Teresa works at a major corporation, and she’s grown steadily more pessimistic about her job and career. She’s convinced that her boss, Barbara, has discriminated against her, and she complains to HR. Her discrimination complaint is investigated by Audrey, the HR rep.
Audrey invites Teresa to a confidential meeting to get her side of the story. Teresa shows up at the meeting, toting a giant 3-ring binder stuffed full of copies of emails between Teresa and Barbara and copies of performance appraisals. Teresa says the binder contains proof that Barbara is out to get her.
Audrey has an awful sinking feeling, familiar to any experienced HR person, as she stares at the 3-ring binder. She will eventually have to read it as part of her investigation. She sighs heavily and delays the inevitable by continuing her interview of Teresa.
Teresa spins a tale of slights, oversights, and harsh words that she says add up to discrimination. She claims that Barbara cuts her off in mid-sentence every time she tries to talk during staff meetings. Barbara is rude to her and makes negative comments in front of co-workers. Barbara gives pay raises to younger, less experienced co-workers while telling Teresa that she’s not eligible for any pay increases. Barbara ignores her and dislikes her while being nice to everyone else in the department.
The next day, Audrey begins reading the 3-ring binder. After an hour, she has a raging headache but has reached a few conclusions. The emails indicate that Teresa has become increasingly defensive, responding to sometimes non-existent criticism. The performance appraisals completed by Barbara move from neutral (“works well with others”) assessments to mildly negative (“attitude needs improvement”) in the most recent appraisal.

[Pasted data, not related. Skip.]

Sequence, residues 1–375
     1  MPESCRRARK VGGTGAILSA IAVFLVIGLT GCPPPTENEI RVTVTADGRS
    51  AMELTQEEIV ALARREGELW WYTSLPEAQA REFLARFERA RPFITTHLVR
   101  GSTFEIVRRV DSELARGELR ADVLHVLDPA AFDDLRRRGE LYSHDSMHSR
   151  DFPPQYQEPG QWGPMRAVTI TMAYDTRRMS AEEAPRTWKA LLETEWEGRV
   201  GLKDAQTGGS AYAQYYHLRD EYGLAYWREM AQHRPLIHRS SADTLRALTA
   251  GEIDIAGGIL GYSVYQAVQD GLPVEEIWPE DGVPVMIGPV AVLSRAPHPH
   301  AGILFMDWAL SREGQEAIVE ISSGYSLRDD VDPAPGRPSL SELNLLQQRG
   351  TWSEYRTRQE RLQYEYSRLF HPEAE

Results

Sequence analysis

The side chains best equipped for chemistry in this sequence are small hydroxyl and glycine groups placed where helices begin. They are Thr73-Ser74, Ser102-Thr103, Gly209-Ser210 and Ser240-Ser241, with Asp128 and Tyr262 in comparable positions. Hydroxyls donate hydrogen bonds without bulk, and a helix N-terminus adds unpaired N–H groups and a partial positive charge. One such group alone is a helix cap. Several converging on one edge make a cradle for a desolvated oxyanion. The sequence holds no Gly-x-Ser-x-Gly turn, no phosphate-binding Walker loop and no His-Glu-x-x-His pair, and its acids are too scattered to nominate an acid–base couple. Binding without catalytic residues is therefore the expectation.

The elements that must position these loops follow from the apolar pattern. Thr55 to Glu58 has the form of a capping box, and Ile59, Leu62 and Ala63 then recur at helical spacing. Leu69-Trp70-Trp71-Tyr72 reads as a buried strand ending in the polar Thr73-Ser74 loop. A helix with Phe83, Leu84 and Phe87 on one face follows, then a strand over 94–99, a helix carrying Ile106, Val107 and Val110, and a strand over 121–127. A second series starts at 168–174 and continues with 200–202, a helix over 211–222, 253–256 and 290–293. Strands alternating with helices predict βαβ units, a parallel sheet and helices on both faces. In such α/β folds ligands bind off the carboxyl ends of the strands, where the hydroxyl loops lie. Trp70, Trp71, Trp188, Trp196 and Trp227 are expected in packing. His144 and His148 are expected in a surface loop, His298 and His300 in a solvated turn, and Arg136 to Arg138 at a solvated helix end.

Audrey knows that Barbara has a history of managerial issues. Audrey had opposed Barbara’s promotion to manager because of her lack of “people” skills. Now Audrey’s sitting at her desk trying to decide what to do next.
- She can recommend that nothing be done due to a lack of clear proof of discrimination.
- She can arrange Teresa’s transfer to a different manager and hope for the best.
- She can tell Teresa and Barbara to stop acting like whiny children and then go have a glass (or a bottle) of wine to wash away the effects of their feud.
In the actual situation, a department reorganization lead to the reassignment of the disgruntled employee. That resolved the immediate conflict but not the long term issue of poor training for new managers.
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